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Six reasons behind our love of chocolate

We can explain this enduring food obsession with a little chemistry

By name and by nature, chocolate is worshipped the world over. But what is it, how is it made and why do we love it so much? Here’s the chemistry to explain the obsession.

So, what IS chocolate?

The main ingredients of chocolate come from the cacao plant, Theobroma cacao. Theombroma translates to ‘food of the gods’.

A cacao tree ready for harvesting. Picture: Uveedzign/Wikimedia

The plants grow in tropical regions and sprouts an odd-looking fruit or ‘pod’ about the size of a small football. Inside the pod there are cacao beans, which, after some farming and processing, become the key ingredient inside the foil at Easter, or whenever the urge grabs us.

Mr Mick Moylan, from the University of Melbourne, says chemistry features throughout the chocolate production process, starting at the farm.

“After the pods are cracked open, wild yeast and bacteria ferment the cacao pulp surrounding the beans,” says Mr Moylan, the Chemistry Outreach Fellow in the School of Chemistry.

“The reactions are similar to those in brewing and yoghurt making. Ethanol, acetic acid (found in vinegar) and lactic acid (in yoghurt and sore muscles) are produced and seep into the beans, developing the chocolate flavours.”

Processing at the factory starts with roasting and Mr Moylan says the main chemical change in this step is called the Maillard reaction.

“This reaction occurs between amino acids and sugars. The reaction produces molecules that are often brown-coloured, with strong, pleasant aromas. One of these molecules is known as 2-acetlypyrroline, and is part of the delicious smell of freshly made toast, roasted coffee beans and steaks.

Your nose can detect a billionth of a gram of this aromatic molecule.

Chocolate appeals to all ages. Picture: Pixabay

What’s the deal with raw cacao?

The latest superfood fad is unpressed raw cocoa. Apart from a vowel switcheroo, the difference between cacao and cocoa comes down to heat and pressure.

“Cacao becomes cocoa powder after it’s been roasted and pressed to have the cocoa butter extracted,” says Mr Moylan.

White chocolate isn’t really chocolate, right?

That depends.

If you are eating good quality white chocolate, it will contain cocoa butter, which comes from the fatty lining of the cacao bean. But most of the stuff we call ‘white chocolate’ has no cocoa butter in it, so it’s not really chocolate.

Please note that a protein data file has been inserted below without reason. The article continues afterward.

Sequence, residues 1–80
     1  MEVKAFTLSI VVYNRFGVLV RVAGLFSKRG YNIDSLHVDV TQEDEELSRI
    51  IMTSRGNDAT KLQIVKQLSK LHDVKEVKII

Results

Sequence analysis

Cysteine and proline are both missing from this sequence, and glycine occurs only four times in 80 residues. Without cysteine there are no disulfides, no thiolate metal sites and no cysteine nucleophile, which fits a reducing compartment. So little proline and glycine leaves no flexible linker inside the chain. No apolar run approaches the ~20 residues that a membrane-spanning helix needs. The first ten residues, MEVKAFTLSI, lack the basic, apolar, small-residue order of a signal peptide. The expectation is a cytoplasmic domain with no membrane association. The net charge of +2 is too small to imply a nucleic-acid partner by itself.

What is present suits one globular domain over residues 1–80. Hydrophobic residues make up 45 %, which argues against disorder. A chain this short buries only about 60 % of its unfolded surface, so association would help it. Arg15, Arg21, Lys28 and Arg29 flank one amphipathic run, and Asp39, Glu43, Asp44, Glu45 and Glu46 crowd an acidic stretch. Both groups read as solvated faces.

“After roasting, the cocoa beans are ground, shelled and pulverised. It can then be separated into cocoa butter and the cocoa powder, or ground further into chocolate,” says Mr Moylan, who presents the chocolate workshop From Bean to Bar at Melbourne’s Victoria Market each year during National Science Week.

“The grinding process breaks down the solid protein, fibre and starch particles so that their grittiness is too small for the tongue to detect – around 0.02mm.”

White, milk or dark chocolate? Picture: André Karwath/Wikimedia

Why does old chocolate get that yucky white coating?

It’s the cocoa butter separating from the rest of the chocolate mixture.

Chocolate is made up of fatty substances (either cocoa butter or milk fat) and non-fatty substances (cocoa powder and sugar). Like oil and water, they naturally don’t mesh well together. During the production process, lecithin, a binding agent, is added which helps to fix this problem. The other key step is tempering.

“Tempering arranges the fat molecules in a way that creates chocolate that is delicious, hard and glossy,” says Mr Moylan.

“For example, dark chocolate is held at 29-30 degrees celsius for around five minutes, then heated to 31-32 degrees, then cooled and set.”

Unfortunately, when chocolate melts and hardens again, the specially arranged fat molecule structure breaks down. The fat rises to the surface of the chocolate, like oil above water, and creates a white ‘bloom’.

Why does cheap chocolate taste so awful?

A number of reasons. How it is made and what it is made of both lead to that overwhelming sense of ‘cheap’.

“Ingredients from the cacao plant are expensive, so substitutes are often used, like milk fat in place of cocoa butter, which melts at a higher temperature and so doesn’t taste as nice,” says Mr Moylan.

“If the ingredients aren’t ground for as long, they taste bitter and grainer, and not nearly as smooth. Tempering is also a factor. If the fat molecules aren’t arranged in the right way, the chocolate doesn’t melt in the same way, so it doesn’t taste as nice.”

Your dog will try any trick to get some chocolate from you, but don’t give in. Picture: iStock

Is chocolate really that bad for dogs?

Yes.

Mr Moylan says that chocolate contains the stimulant theobromine, which acts in the same way as nicotine, morphine, caffeine and quinine. It gives us that chocolate ‘buzz’, but sometimes causes dogs to have a heart attack.

So definitely no chocolate for Rover. Ever.

Chocolate is also one of the richest sources of antioxidants, which are important to our health as they stop or repair the damage caused by free radicals. Chocolate also contains a lot of caffeine.

100g of dark chocolate has about the same amount of caffeine as a cup of coffee.

So, at the weekend at least, you might get away with skipping the café line and getting your morning fix of caffeine from half a block of good quality, well-tempered chocolate.

After all, it’s good enough for the gods.

Banner image: Petr Kratochvil/Public Domain Pictures

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